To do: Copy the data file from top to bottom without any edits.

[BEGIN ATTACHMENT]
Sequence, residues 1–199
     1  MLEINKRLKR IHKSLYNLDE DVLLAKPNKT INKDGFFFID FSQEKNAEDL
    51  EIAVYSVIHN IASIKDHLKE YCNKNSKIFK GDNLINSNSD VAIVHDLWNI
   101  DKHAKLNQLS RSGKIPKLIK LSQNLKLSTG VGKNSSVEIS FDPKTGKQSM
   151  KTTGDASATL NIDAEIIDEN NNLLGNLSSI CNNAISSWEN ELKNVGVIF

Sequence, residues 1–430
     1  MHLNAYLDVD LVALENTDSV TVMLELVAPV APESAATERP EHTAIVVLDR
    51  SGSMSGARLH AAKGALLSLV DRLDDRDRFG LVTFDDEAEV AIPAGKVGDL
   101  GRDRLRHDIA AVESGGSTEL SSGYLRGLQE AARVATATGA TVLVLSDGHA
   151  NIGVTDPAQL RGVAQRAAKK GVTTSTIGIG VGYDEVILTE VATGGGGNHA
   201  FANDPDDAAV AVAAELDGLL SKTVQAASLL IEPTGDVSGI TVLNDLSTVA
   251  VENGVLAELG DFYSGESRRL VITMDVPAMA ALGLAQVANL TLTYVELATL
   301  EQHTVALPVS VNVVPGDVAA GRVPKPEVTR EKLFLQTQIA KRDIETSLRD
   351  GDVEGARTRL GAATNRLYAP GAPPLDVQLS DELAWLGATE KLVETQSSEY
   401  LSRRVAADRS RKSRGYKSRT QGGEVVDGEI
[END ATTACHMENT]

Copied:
Sequence, residues 1–199
     1  MLEINKRLKR IHKSLYNLDE DVLLAKPNKT INKDGFFFID FSQEKNAEDL
    51  EIAVYSVIHN IASIKDHLKE YCNKNSKIFK GDNLINSNSD VAIVHDLWNI
   101  DKHAKLNQLS RSGKIPKLIK LSQNLKLSTG VGKNSSVEIS FDPKTGKQSM
   151  KTTGDASATL NIDAEIIDEN NNLLGNLSSI CNNAISSWEN ELKNVGVIF

Sequence, residues 1–430
     1  MHLNAYLDVD LVALENTDSV TVMLELVAPV APESAATERP EHTAIVVLDR
    51  SGSMSGARLH AAKGALLSLV DRLDDRDRFG LVTFDDEAEV AIPAGKVGDL
   101  GRDRLRHDIA AVESGGSTEL SSGYLRGLQE AARVATATGA TVLVLSDGHA
   151  NIGVTDPAQL RGVAQRAAKK GVTTSTIGIG VGYDEVILTE VATGGGGNHA
   201  FANDPDDAAV AVAAELDGLL SKTVQAASLL IEPTGDVSGI TVLNDLSTVA
   251  VENGVLAELG DFYSGESRRL VITMDVPAMA ALGLAQVANL TLTYVELATL
   301  EQHTVALPVS VNVVPGDVAA GRVPKPEVTR EKLFLQTQIA KRDIETSLRD
   351  GDVEGARTRL GAATNRLYAP GAPPLDVQLS DELAWLGATE KLVETQSSEY
   401  LSRRVAADRS RKSRGYKSRT QGGEVVDGEI